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Will Fed Give New Home Sales More Pain After April's Fall?

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Sales of new homes in the United States dropped in April after gaining in March. In fact, new home sales faltered in three of the last four months this year, suggesting the travails of the housing market in winning back momentum. Housing starts and building permits also fell 3.7% and 1.8%, respectively, in the month.

Sales of newly constructed single-family homes, accounting roughly 10% of all U.S. home sales, dropped 1.5% in April from the prior month to a seasonally adjusted annual rate of 662,000 units, per data released on May 23 by the Commerce Department. Meanwhile, sales data for the prior three months was also revised down. The revisions revealed that sales in the first three months of the year were not as strong as earlier reported.

April’s figure was curtailed by a sharp decline in the West that sank 7.9%. On the contrary, sales rose 0.3% in the South, which accounts for the majority of new home sales. Again, sales jumped 11.1% in the Northeast and were unchanged in the Midwest month over month.

On a positive note, new home sales were up 11.6% year over year, despite the month-to-month irregularity. This was driven by a 26.4% improvement in the Midwest, 18.9% in the West, 6% in the South and 5.3% in the Northeast.

Again, although April starts and permits tumbled from the March figure, housing starts were up 10.5% from April 2017 buoyed by a 7.2% increase in single-family homes, and a 19.1% surge in apartments. Again, permits were 7.7% above the April 2017 rate of 1.26 million units prompted by a 7.9% surge in single-family homes and 6.4% growth in buildings with five units or more.

 

 

Is Tight Inventory or Rising Mortgage Rate the Culprit?

The U.S. housing industry is already challenged by a shortage of homes for sale, suitable land and skilled labor. That said, there were 300,000 new homes on the market in April, the highest in nine years and up 0.7% from March and 12.4% from a year ago. This is expected to bring some relief in the beginning of the spring selling season. At April’s sales pace, it would take 5.4 months to clear the supply of houses on the market, slightly up from 5.3 months in March.

Limited land availability is pushing up prices, as the median sales price of a new home rose 0.4% year over year to $ 312,400 last month.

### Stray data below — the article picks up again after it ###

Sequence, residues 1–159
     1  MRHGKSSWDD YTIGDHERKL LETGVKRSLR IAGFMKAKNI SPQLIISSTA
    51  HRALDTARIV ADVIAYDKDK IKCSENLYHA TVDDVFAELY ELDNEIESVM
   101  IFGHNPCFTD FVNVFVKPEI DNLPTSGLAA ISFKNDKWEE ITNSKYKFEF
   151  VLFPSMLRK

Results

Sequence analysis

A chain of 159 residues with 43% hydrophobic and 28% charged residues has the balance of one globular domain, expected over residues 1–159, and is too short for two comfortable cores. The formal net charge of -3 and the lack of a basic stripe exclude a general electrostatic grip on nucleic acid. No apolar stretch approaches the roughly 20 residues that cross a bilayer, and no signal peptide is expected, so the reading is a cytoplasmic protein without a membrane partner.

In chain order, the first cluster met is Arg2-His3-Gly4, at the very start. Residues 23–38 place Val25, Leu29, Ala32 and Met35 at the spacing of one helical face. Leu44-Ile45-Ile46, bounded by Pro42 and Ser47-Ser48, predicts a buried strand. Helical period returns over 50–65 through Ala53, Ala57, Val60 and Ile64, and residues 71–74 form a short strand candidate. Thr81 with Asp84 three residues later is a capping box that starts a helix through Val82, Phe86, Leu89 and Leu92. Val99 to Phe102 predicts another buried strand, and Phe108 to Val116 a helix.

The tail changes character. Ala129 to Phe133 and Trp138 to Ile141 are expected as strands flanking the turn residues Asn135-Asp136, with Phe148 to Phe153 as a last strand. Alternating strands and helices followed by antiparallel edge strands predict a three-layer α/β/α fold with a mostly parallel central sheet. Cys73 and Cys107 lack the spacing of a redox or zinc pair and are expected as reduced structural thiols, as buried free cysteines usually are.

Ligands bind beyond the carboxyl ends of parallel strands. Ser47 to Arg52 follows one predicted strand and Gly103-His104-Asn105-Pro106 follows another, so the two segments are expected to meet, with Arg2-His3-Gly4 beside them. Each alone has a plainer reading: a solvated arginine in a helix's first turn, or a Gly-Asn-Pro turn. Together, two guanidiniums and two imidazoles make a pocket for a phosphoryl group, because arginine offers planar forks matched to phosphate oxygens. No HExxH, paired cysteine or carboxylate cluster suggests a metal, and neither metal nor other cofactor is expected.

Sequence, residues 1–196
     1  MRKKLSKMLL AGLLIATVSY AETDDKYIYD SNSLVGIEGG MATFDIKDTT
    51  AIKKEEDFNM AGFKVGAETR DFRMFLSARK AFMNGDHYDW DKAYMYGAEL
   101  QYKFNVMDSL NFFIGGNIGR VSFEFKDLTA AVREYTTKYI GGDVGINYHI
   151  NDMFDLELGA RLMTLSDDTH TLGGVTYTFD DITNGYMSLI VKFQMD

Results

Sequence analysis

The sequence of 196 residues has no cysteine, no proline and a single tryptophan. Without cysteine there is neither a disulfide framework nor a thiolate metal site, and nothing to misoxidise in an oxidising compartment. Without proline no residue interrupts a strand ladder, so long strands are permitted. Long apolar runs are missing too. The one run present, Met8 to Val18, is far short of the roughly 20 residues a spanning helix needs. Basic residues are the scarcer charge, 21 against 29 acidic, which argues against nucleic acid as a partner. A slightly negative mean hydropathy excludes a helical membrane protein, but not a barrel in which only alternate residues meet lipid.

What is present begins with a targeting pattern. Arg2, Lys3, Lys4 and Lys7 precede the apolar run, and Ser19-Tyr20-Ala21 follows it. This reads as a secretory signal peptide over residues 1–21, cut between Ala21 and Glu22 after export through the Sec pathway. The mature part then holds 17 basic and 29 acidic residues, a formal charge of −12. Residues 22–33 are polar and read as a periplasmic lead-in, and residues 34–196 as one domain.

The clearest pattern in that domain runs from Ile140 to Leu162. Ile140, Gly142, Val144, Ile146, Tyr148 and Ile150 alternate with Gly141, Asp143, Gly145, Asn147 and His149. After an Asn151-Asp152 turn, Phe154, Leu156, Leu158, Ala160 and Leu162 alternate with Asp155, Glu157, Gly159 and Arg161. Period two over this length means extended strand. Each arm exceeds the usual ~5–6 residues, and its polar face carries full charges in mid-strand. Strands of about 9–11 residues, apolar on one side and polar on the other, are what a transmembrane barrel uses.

Again, higher mortgage rates could also be the reason for this downfall. Mortgage rates, which loosely follow the yield on the 10-year Treasury, started the year at around 4% but began rising thereafter. Mortgage rates are surging in proportion to U.S. government bond yields in anticipation of higher rates of inflation and further monetary tightening by the Federal Reserve.

The 30-year, fixed-rate mortgage rose to an average interest rate of 4.61% for the week ended May 17, 2018, the highest level since May 2011, according to mortgage finance agency Freddie Mac. Higher mortgage rates accompanied with higher home prices might be hitting on affordability.

Separately, according to the latest Mortgage Bankers Association's (“MBA”) seasonally adjusted weekly survey for the week ending May 18, 2018, total mortgage applications fell by 2.6% from a week earlier. Purchase applications for new loans fell 2% from the previous week, while refinance applications plunged 4%, the MBA reported. The refinance index is currently at its lowest level since December 2000.

Fed Sees Next Hike Soon

Minutes from the meeting, which ended May 2 and were released on May 23, reveal that Fed officials are on track to raise rates again in June. Officials at the Federal Open Market Committee concluded the May 2 meeting with a unanimous decision to keep the Fed’s benchmark interest rate unchanged, at the range of 1.5% to 1.75%. The Fed last raised interest rates in March, by a quarter of a percentage point.

The rise in interest rates comes at a time when values of homes are marching up with higher demand and lesser supply. The situation could be detrimental for first-time buyers, raising affordability issues. This is evident from the latest report of purchase applications for new loans that fell 2% from the earlier week.

Importantly, some of the notable stocks in the homebuilding sector have been slumping. Shares of Lennar Corporation (LEN - Free Report) have declined 18.2% since the start of the year, while D.R. Horton, Inc. (DHI - Free Report) is down 18.6%. Meanwhile, shares of luxury homebuilder Toll Brothers, Inc. (TOL - Free Report) have dipped 16.9% this year, while KB Home (KBH - Free Report) stock is down 17.8%. In comparison, the Zacks Homebuilding Industry has slipped 19.5% so far this year.

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